Life on the Land
When the massive ice sheets of the Alaska Range retreated, they left behind a devastated landscape devoid of life. It took many hundreds of years for soils to build. Slowly plant life returned. Today, more than 650 species of flowering plants and many species of mosses, lichens and fungi blanket the slopes and valleys of Denali. But life is not easy. Only species adapted to long, cold winters, short growing seasons and a thin layer of unfrozen topsoil can survive.
As plants recolonized the landscape so, too, did the wildlife. Within park boundaries, researchers have recorded 39 species of mammals, 167 species of birds, 10 species of fish and one species of amphibian.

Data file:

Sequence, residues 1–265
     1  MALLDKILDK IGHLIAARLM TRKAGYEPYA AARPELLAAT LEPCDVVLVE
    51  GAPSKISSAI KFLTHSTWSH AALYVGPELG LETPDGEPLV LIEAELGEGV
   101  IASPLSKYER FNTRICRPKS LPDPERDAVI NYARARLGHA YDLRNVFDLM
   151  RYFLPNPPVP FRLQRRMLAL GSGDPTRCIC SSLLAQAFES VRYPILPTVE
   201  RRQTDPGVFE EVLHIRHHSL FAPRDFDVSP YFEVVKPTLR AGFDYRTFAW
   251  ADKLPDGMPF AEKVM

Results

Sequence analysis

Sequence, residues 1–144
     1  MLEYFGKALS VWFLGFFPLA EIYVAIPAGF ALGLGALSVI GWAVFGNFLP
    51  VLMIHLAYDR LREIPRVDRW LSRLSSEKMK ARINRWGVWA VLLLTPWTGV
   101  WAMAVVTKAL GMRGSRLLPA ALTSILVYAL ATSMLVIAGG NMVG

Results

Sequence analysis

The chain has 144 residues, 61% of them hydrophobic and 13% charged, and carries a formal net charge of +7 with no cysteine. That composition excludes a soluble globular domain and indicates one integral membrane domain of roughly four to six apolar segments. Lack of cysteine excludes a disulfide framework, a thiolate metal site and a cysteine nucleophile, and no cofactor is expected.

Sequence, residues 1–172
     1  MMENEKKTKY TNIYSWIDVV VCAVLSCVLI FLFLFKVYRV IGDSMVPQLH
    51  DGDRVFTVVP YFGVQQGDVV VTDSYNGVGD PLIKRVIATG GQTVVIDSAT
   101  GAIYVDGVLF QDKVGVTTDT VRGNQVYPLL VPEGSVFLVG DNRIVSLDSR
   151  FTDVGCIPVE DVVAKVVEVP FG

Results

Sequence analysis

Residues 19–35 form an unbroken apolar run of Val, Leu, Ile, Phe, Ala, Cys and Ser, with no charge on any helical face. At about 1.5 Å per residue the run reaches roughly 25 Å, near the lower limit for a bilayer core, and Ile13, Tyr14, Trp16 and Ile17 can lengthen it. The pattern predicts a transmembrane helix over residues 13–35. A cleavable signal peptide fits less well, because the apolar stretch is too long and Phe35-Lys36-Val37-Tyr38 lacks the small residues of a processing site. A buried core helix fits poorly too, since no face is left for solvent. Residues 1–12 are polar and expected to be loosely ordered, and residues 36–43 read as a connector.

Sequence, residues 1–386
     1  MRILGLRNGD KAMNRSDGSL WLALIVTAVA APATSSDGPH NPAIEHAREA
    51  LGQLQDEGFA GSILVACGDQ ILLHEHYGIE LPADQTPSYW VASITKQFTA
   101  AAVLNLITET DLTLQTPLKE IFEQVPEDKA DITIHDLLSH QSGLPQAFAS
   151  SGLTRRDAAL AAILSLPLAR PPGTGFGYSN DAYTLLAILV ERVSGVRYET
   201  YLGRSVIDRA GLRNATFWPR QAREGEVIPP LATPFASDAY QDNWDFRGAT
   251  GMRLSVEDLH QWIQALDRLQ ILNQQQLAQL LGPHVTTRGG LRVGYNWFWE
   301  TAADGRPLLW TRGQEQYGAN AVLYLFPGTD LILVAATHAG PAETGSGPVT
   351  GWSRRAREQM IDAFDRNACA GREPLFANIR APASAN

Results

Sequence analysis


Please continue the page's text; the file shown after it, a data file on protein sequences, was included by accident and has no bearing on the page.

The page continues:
Animal life and activity in Denali is dictated by the seasons. Resident animals are well-adapted to survive a subarctic winter, a time of extreme cold, darkness and scarcity. The return of light and heat in the spring brings a flurry of activity. Hordes of mosquitoes hatch, attracting birds from around the world to feast and breed. Bears emerge from their dens. Grazers like Dall sheep and caribou find much to eat. Summertime is spent nurturing young and preparing for winter—either migration, hibernation or active winter survival. In autumn, migrating birds fill the skies and head south to areas with abundant food. Bull moose with polished antlers compete with one another for the right to mate. Wood frogs burrow deep into leaf litter where they freeze solid for the winter.